The father she knew and loved wasn’t with her for long, but long enough that she never forgot what a good father could mean to his daughters.
There are three joyful years in my early childhood that redeem the memories of my later pre-teen, tween-teen years.
Our house, a butter yellow, slim four-plex that housed my mom, dad, sister and the 4-year old me keeps my memories shiny and new as I reflect back. My father, late to the sensibilities of life and a matrimonial upstart, took a stab at being a dad, and in the years of 1976-1979 he knocked it out of the park.
Fathers, if you ever regard yourself in the role of father as diminished, or as the number-two parent to your wife, I invite you to reconsider. The role of father may be intangible in definition, but it is equally important and the need and use for your involvement will live in the mind of the adult child that is to come. What you give them will be almost subconscious, it is so natural, but it will lead your offspring to places they feel most comfortable.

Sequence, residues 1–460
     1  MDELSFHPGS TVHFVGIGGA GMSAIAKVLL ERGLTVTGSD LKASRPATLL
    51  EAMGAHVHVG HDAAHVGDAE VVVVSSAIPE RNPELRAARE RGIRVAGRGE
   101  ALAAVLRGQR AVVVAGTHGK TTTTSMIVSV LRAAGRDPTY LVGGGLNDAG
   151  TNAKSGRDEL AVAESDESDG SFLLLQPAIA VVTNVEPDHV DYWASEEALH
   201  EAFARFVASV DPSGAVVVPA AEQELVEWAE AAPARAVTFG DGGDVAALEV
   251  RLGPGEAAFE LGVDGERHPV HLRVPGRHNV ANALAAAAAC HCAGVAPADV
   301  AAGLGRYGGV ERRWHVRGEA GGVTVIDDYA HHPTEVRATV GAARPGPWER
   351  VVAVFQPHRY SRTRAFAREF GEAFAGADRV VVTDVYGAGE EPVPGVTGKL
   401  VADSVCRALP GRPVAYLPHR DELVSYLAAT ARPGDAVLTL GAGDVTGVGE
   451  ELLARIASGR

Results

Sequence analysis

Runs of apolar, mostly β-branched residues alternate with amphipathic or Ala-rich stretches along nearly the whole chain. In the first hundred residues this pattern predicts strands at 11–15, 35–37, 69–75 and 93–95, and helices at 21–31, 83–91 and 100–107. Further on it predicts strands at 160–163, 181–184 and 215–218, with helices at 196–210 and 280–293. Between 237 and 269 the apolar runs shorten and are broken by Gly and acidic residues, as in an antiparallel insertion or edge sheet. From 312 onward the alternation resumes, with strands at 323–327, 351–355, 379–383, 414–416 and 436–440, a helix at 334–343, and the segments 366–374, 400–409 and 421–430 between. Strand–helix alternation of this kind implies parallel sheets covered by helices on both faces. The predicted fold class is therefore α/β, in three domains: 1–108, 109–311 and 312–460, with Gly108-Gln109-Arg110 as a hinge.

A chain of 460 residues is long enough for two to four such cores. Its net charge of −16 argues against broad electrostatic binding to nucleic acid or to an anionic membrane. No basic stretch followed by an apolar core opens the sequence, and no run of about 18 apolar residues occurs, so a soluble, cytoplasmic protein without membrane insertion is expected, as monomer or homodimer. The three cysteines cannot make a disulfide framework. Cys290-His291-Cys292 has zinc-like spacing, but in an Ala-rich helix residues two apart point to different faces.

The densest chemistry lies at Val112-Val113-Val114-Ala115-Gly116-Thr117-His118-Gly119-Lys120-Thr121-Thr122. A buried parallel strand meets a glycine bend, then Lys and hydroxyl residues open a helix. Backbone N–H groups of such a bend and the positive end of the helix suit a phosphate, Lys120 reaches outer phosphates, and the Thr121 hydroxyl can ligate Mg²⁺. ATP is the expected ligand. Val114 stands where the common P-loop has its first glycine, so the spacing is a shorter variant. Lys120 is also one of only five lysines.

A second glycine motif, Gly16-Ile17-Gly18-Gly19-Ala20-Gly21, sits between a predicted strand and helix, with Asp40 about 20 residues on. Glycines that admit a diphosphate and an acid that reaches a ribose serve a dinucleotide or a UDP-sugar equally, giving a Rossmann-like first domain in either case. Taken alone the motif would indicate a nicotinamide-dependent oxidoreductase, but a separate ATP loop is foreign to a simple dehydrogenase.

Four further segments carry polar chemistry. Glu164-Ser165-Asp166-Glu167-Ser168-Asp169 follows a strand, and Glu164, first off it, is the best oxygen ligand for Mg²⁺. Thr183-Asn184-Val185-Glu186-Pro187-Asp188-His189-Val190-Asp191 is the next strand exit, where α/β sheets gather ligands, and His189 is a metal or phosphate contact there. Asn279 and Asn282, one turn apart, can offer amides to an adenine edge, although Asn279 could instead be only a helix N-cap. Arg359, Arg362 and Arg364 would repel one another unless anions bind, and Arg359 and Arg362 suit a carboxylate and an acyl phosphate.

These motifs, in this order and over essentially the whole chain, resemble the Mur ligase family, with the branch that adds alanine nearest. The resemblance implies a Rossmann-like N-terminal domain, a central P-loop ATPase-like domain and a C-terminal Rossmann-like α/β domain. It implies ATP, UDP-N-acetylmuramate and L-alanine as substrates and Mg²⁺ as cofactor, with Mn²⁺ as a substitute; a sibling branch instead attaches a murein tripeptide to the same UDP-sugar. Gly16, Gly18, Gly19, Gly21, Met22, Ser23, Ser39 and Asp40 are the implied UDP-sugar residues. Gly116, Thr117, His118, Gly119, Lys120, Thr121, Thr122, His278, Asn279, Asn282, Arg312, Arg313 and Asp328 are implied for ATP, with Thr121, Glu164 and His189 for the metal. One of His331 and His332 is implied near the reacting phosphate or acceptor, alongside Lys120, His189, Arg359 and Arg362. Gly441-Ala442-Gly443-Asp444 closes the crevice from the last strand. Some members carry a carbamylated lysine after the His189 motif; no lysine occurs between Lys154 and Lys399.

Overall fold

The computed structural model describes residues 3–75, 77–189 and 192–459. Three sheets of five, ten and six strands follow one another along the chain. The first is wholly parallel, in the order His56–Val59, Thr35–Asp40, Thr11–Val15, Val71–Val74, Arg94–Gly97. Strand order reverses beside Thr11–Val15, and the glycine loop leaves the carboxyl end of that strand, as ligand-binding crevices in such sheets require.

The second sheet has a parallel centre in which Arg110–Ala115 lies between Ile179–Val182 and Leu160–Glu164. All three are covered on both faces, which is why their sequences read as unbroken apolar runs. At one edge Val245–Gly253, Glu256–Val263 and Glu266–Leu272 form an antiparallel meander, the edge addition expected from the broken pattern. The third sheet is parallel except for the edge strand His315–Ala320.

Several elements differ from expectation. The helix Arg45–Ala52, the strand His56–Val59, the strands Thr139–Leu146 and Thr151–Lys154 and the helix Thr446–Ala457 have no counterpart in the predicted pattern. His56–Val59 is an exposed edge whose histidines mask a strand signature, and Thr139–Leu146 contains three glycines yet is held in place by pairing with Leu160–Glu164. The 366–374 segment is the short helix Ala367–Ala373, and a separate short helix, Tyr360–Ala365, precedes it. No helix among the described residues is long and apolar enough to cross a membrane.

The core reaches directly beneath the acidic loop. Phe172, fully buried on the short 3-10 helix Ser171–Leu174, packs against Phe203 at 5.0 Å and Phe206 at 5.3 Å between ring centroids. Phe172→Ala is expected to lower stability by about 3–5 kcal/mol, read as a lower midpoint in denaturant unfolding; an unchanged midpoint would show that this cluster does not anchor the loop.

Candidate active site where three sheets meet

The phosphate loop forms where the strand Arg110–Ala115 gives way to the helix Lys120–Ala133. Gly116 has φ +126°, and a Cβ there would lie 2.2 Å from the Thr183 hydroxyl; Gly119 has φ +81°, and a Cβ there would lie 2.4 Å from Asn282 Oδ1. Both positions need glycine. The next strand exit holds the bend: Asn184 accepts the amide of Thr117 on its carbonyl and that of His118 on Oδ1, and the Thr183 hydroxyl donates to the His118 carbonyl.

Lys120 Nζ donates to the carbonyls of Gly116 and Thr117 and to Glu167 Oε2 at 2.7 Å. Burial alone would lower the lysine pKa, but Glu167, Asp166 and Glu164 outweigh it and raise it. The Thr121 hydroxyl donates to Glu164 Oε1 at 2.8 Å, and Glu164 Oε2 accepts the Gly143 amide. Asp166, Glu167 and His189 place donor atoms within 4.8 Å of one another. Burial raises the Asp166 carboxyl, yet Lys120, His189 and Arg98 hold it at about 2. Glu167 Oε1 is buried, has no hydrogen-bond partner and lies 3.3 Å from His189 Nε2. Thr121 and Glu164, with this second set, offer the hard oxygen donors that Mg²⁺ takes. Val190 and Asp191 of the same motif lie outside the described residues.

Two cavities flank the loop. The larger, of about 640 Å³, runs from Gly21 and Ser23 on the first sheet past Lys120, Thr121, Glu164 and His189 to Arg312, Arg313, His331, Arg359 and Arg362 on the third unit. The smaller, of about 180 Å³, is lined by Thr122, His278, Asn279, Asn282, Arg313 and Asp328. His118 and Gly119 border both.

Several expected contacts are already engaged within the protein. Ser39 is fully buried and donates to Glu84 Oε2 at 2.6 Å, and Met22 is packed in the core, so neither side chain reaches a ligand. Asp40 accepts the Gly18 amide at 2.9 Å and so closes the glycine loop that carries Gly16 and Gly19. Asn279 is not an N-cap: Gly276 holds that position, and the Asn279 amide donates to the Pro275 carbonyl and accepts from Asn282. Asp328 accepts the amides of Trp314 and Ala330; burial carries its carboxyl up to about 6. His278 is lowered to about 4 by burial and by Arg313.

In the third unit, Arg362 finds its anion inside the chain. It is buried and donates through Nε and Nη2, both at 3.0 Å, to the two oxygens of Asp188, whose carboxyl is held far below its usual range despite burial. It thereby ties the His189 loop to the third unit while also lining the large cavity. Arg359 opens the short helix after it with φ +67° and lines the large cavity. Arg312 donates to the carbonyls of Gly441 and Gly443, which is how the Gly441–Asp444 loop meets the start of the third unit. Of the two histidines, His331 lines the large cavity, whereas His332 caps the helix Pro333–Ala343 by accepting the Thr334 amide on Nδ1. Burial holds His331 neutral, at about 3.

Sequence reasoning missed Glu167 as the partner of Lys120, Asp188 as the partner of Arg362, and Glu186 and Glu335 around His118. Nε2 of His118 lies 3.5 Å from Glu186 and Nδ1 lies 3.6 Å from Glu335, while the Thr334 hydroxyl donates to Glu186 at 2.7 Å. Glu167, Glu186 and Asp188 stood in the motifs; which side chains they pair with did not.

When I was four, my sister and I would snatch Monarch caterpillars off a chainlink fence down the street from the house where we lived in Dover, New Hampshire. We would place them carefully into emptied mayonnaise jars. Once everyone was settled, I would take off to catch frogs, which would also be carefully relocated to empty jars. I’m unsure of the origin of these empty jars, but we had enough to line the floorboard of the sun room. The surface of the jars reflected the chrysalis, the glass overlay making the transformation occurring inside all the more magical.
The good days also include dad plopping lobsters in the bathtub and us squealing as they scrambled up the side and then slid back under the water, picking blueberries off the bush as we checked for black bears, who didn’t like us stealing their spoils. We skied, shopped, hiked mountains, roller skated and had a grand time when I was a preschooler.
My father went to work every day, but I have no idea about his destination. I just knew that before I left for school he was gone, and right as the dinner plates hit the table he reappeared. The worst thing that ever happened between us was him giving my sister and me bare-butt spankings. In retrospect, the humiliation of showing Dad our naked fannies should have been punishment enough.